I am aware of lots of variations within published data of this era. There is evidence that British pilots during WW1 sought certain props from certain makers believing them to be better than others, even though both were made to a similar specification, a process which included wishful thinking and superstition, as well as comparative trials. Often a RFC pilot would sing the praises of a prop made by a specific maker, so his chums in his squadron would try to find a similar one.

The same thing happened with German flyers. The German Flying Troops document, the Propellermerkbuch der Prufenstalt und Werft der Fliegertruppen of 1916, published by P & W at Aldershof, emphasises that all propellers were rigorously tested by them and a prop made by one maker was just as good as those made by other makers. Variations in the performance of a propeller could depend, the Buch states, on fuel, the plugs and even on certain periods of the engine rev range which had to be avoided; for example the Mercedes 160hp engine at 1320-1340 rpm.

Considering these aspects of human behaviour it is quite likely that the RNAS at unit level tried out the 2640mm and the 1800mm pitch prop on both the Bristol Scout D and the Sop Pup. There might have been advantages at different parts of the envelope.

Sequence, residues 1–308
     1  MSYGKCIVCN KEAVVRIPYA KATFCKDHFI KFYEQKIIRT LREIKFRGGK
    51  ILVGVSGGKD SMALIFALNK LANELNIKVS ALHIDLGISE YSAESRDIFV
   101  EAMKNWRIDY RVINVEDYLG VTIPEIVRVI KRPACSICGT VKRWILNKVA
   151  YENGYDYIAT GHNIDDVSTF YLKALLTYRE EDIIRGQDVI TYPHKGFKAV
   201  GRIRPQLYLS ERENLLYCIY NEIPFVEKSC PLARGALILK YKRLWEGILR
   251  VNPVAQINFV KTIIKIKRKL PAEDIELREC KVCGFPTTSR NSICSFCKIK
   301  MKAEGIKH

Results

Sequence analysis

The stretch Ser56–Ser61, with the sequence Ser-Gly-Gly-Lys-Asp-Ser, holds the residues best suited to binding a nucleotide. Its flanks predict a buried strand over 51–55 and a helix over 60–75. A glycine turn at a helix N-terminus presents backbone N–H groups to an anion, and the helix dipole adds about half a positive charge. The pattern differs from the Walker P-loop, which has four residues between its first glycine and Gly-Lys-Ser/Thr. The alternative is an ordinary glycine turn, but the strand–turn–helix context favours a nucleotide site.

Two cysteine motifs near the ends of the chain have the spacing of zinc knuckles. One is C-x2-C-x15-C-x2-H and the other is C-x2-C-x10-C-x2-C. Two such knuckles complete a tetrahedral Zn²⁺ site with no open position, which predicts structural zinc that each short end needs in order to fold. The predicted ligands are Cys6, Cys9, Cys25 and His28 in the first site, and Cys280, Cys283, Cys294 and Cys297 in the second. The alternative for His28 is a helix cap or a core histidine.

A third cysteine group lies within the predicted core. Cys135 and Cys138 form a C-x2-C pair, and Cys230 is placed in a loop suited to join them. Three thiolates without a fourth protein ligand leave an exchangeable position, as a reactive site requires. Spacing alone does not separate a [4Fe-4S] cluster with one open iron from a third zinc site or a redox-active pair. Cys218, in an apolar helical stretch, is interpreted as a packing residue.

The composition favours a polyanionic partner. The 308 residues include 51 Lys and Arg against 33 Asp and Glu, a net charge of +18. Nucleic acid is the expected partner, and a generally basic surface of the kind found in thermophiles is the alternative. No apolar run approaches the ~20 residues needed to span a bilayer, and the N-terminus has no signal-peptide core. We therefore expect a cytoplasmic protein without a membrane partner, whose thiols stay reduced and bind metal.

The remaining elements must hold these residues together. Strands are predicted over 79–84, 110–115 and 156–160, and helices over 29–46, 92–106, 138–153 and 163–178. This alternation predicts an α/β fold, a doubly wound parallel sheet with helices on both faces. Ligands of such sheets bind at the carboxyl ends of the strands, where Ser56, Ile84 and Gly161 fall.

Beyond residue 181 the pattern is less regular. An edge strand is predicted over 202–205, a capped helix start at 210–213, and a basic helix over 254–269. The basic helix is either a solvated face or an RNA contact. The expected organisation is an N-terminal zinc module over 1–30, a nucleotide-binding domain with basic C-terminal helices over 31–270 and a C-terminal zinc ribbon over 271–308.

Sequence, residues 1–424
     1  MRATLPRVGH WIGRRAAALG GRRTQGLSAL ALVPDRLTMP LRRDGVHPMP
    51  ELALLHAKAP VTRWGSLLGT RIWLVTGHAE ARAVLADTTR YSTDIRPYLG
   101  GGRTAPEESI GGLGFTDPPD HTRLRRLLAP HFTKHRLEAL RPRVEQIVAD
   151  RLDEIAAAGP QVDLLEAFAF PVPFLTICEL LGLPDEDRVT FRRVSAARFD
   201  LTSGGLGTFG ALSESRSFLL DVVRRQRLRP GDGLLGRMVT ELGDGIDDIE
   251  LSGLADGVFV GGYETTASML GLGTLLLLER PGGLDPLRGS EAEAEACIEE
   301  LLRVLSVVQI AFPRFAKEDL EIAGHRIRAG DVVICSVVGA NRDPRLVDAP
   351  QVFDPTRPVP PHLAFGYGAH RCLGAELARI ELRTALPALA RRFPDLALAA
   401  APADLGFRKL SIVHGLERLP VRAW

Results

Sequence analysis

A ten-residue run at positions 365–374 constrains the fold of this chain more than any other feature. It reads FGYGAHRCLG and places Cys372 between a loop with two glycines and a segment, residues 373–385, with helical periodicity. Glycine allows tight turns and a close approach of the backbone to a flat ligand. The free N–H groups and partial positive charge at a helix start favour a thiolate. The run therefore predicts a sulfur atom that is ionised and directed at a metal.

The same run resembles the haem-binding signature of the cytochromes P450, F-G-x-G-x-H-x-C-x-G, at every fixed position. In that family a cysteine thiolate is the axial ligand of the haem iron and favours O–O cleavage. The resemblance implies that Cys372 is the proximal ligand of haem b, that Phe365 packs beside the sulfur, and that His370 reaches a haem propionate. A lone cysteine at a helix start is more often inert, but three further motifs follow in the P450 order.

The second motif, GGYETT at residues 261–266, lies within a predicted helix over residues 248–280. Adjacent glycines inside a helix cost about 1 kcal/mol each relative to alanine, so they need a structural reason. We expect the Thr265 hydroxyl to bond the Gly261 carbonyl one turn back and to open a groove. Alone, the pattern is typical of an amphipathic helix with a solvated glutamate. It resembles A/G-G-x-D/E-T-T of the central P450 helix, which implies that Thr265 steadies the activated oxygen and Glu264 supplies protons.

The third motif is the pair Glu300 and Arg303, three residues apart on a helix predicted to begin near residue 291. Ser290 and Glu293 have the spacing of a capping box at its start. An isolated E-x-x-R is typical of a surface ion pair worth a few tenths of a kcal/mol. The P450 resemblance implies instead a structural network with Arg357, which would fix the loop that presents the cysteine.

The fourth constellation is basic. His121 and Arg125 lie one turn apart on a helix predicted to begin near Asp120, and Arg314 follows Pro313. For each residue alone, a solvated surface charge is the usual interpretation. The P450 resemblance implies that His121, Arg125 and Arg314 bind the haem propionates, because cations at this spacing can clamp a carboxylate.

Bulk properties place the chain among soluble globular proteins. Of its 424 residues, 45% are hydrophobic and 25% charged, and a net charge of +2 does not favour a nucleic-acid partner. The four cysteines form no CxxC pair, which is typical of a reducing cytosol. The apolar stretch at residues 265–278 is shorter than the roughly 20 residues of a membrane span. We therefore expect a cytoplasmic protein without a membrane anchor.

Also Mesopotamia, which I think is where your Scout D was shot down, is at the end of a long supply line and perhaps fitting the Pup prop to a Scout D was due to a shortage, either at the RNAS airfield or in the RN supply chain from the factory in GB by ship to Malta and hence to Mesopotamia.

Perhaps a forumite versed in the mathematics of flight could offer a view on the different flying characteristics of each prop on each aircraft?

But, the short answer is that there is no reason to rule out your Scout D.

With kind regards,

Bob


With kind regards,
__________________
Bob Gardner
Author; WW1 British Propellers, WWI German Propellers
http://www.aeroclocks.com

Last edited by Bob Gardner; 04-25-2019 at 07:18 AM.
Bob Gardner is offline   Reply With Quote
Old 04-24-2019, 07:58 AM   #5
Dbahnson
Administrator
Site Admin
 
Join Date: Nov 2008
Posts: 973
Default

I might add that if a fighter airplane was to be transported a long distance in a non-combat setting it would make sense to install the propeller with the higher number pitch, even though it might not correspond to its "authorized" usage. It would serve as a "cruise" prop rather than a climb, or performance prop.
Dbahnson is offline   Reply With Quote
Old 04-24-2019, 08:32 PM   #6
pmdec
Forum Contributor
 
Join Date: Nov 2006
Location: France
Posts: 528
Default

Hi,

The 80 HP Le Rhône and the 100 HP Gnome Monosoupape were respectivly 84 and 105 HP at 1200 rpm at ground level (Sopwith Pup data).
The Bristol Pup was given to have a max speed at ground level of 100 mph, that is 161 km/h. The minimum propeller pitch to reach this speed at 1200 rpm is 2300 mm.
It is absolutly impossible to reach 100 mph with the 1800 mm pitch indicated above (the engine have to run at 1550 rpm!).

Just my two cents...